It’s become second nature for Sam and Tracy Tabaka to inspire others to discover and push their physical limits. While she has completed countless marathons and once traveled the world racing in alpine ski competitions, he has finished three Ironman triathlons and counting.

These accomplishments are particularly impressive when you consider the fact that the couple, who are parents to two exceedingly active children under age 5, are also paraplegic. When they were children, Tracy, 35, suffered a spinal cord injury in a car accident, and Sam, 36, was injured in an ATV accident.

After those life-changing events, the Tabakas both found joy and inspiration in adaptive sports. It’s also how they met — at a Courage Center ski camp at Spirit Mountain in Duluth. They say it was the freedom, camaraderie, and sheer love of being outside that motivated them to get active.

Both instructors and educators for the Outdoor Recreation School for Three Rivers Parks District, the Rogers couple has been instrumental in building the district’s adaptive programming. The organization’s docket of activities now includes Nordic skiing, kayaking, fishing, mountain biking, archery and more. They serve nearly 1,400 participants annually with a wide range of disabilities related to things like spinal cord injuries, spina bifida, traumatic brain injuries, and Down syndrome.

In a recent interview at their home, the Tabakas discussed their own active pursuits and why it’s important to them to help inspire others with physical disabilities to get involved in outdoor recreation.

On their own entries into adaptive recreation

Tracy: I was in a car accident when I was 8. It was 1989 and the only thing I could have done was wheelchair basketball, and I’m no good at basketball [laughs]. At one point when I was 20 years old I was watching my brother wakeboard and I thought, I have to find something. I discovered an adaptive water ski program at Courage Center and picked it up really quickly, so they said I should try the snow skiing program, and things snowballed from there.

Sam: I was injured when I was 13 in an ATV accident up where we lived in northern Minnesota. My dad actually bought me a hand cycle almost right away, so it was nice to be able to get out and do something active again. That was pretty freeing. When I went to college, I chose St. Scholastica because I was wanting to go somewhere were I could ski and play basketball. So it snowballed for me, too.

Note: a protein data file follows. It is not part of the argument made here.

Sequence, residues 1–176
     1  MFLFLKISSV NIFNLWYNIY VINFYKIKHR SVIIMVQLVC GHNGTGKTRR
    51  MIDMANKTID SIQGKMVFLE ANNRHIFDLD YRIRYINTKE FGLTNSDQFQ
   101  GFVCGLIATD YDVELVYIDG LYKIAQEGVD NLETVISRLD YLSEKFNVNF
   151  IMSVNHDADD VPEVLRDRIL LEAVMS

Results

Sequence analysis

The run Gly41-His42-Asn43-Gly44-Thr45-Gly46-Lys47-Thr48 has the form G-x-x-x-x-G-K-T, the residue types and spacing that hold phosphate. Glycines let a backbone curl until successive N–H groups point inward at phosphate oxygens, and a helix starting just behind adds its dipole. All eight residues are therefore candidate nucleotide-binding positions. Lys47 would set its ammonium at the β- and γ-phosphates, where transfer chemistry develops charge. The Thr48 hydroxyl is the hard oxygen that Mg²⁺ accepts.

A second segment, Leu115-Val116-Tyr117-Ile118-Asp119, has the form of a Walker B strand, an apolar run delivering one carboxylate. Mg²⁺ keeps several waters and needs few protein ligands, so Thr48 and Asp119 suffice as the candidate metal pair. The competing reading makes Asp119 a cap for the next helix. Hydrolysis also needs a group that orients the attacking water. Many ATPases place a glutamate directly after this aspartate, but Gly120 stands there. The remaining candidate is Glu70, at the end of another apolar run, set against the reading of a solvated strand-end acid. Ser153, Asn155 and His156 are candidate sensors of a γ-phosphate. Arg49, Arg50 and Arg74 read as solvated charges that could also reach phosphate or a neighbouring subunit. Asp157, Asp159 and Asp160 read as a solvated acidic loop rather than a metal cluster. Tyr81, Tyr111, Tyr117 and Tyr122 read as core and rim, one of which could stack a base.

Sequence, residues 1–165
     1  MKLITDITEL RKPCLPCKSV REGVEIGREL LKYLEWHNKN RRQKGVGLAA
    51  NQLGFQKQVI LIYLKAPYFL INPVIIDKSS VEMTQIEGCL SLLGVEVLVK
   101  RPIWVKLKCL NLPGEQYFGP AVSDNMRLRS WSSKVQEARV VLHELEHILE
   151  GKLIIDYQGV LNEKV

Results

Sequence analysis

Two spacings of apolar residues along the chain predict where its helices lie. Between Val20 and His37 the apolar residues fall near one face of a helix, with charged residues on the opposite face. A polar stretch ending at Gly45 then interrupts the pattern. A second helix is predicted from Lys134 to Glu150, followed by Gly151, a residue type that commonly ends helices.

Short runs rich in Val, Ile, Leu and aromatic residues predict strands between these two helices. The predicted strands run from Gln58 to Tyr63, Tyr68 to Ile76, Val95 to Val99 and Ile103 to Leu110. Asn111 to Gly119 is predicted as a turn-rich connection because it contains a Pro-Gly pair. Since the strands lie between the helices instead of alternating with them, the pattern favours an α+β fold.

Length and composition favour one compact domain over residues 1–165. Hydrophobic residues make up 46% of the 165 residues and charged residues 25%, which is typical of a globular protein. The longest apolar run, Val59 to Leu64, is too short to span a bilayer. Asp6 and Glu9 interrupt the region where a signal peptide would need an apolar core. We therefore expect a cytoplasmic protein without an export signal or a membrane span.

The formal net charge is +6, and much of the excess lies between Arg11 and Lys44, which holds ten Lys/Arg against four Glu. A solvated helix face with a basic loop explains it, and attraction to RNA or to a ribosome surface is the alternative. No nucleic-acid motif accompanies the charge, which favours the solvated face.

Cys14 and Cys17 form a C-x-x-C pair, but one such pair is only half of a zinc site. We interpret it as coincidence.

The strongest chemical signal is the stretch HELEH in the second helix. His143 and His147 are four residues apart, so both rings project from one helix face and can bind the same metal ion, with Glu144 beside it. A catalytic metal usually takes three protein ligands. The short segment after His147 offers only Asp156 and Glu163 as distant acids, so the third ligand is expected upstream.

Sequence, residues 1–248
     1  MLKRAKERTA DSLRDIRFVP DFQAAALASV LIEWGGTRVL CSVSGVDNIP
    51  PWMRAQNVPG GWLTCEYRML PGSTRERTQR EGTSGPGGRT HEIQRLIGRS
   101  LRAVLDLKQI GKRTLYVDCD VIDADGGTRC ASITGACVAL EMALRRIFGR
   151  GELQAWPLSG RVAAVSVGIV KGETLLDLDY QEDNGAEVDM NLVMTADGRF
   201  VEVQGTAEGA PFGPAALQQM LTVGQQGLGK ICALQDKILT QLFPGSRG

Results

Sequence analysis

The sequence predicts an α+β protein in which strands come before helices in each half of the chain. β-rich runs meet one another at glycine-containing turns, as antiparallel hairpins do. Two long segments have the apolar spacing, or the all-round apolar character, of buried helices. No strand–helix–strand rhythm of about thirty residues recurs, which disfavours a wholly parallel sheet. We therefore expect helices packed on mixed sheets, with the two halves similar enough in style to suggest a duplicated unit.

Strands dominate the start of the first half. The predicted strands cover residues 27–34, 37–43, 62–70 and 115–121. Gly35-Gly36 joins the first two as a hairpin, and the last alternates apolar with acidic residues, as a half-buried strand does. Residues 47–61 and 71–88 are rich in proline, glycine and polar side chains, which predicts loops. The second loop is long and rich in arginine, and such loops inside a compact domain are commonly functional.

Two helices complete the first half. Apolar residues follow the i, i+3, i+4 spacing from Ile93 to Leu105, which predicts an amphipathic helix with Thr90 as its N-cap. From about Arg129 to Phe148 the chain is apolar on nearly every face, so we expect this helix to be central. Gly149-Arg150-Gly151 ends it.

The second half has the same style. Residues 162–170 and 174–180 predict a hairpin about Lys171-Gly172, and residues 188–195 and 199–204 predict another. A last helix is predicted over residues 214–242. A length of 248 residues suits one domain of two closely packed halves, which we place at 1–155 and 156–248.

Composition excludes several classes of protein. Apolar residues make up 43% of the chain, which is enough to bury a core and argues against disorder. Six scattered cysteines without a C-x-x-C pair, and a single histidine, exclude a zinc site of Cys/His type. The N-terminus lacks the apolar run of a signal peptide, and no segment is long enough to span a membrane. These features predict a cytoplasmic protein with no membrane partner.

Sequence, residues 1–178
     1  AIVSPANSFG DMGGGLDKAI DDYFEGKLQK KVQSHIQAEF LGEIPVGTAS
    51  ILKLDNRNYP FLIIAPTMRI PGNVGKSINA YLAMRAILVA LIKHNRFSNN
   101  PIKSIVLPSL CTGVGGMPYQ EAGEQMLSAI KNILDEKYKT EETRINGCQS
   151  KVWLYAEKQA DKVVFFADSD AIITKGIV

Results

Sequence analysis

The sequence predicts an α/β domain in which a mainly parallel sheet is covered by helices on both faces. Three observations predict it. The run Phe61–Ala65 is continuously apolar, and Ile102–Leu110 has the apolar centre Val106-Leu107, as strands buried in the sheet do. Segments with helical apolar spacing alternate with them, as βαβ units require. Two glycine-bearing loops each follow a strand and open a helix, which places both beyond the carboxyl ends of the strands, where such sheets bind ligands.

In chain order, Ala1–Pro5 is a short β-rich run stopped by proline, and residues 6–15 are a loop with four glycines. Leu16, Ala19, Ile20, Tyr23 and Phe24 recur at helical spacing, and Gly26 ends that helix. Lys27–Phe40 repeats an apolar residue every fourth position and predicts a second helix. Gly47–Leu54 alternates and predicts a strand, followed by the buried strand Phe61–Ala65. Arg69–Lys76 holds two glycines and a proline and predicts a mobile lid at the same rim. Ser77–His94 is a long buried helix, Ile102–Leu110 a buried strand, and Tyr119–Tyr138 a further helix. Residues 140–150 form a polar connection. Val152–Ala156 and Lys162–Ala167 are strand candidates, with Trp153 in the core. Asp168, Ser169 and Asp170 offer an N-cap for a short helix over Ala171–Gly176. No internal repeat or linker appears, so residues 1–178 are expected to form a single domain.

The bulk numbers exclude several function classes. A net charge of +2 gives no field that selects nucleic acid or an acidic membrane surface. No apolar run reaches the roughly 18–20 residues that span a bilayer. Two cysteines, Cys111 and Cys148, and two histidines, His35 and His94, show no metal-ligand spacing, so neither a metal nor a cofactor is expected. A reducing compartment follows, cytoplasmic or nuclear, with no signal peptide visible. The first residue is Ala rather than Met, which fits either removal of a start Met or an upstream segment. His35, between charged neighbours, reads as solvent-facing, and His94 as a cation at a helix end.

On the difference adaptive sports have made in their lives

Tracy: It’s huge. We’ve met a tremendous amount of people through sports, including each other. It’s made us appreciate the outdoors, too. We don’t spend a lot of time inside watching television. We want to be outside with our kids.

Sam: It really has had an important impact on our lives. We both really enjoy sports and being able to stay in good shape.

On making adaptive opportunities a priority

Tracy: A lot of companies and organizations we’ve run into over the years of being in a chair often don’t want to take that extra step to make things accessible. It’s thought of as too much work and too expensive. Three Rivers has been great, and they’ve always from day one asked, ‘How can we help to include more people in our programs?’ There is a big support system that works together — an entire team — not just the two of us.

Sam: Three Rivers just wants more people with disabilities using the parks, so that’s what we’re trying to help with. For instance, we have four adaptive mountain bikes at Elm Creek with a portion of the single track trail extra wide to accommodate the bikes. They have another one at Murphy-Hanrehan, and they’re building a new trail at Lake Rebecca, too.

On persuading people to try

Sam: Being wary at first is very common. We had one woman who is a high (quadriplegic) who was always on my e-mail list for opportunities, and she finally came out and shot archery and ended up really enjoying it. Then she came out on a Mississippi River kayak trip after that and did really well. One thing leads to another. It’s about encouraging people to come see what it’s like. You don’t have to do it if you don’t want to, just come take a look.

Tracy: We offer demo days twice a year at French [Regional] Park in the spring and fall, and we have four to five different activities available for people to come out and try. We also have a campfire with s’mores, so if you just want to come out and socialize and watch other people try the activities, you can do that, too. Those have been really popular for getting people into our base programs. We’ve found that once somebody tries one program, it’s much easier to get them into something else. They realize ‘I can actually do this. And I get to be outside. And I can leave my chair.’

On leading by example

Tracy: I’ve heard from a number of people who see our Facebook page with pictures from traveling and biking. We each have a hand cycle, and our 5-year-old has a tag-along attached to my bike. And Sam has our 2-year-old in a chariot trailer, and we just go. It’s nice to hear that other people who saw us doing these things then decide to try it for themselves.

Sam: We want (our kids) to learn a love for nature and a healthy lifestyle. It’s important that we model that.

 

Mackenzie Lobby Havey is a freelance writer from Minneapolis.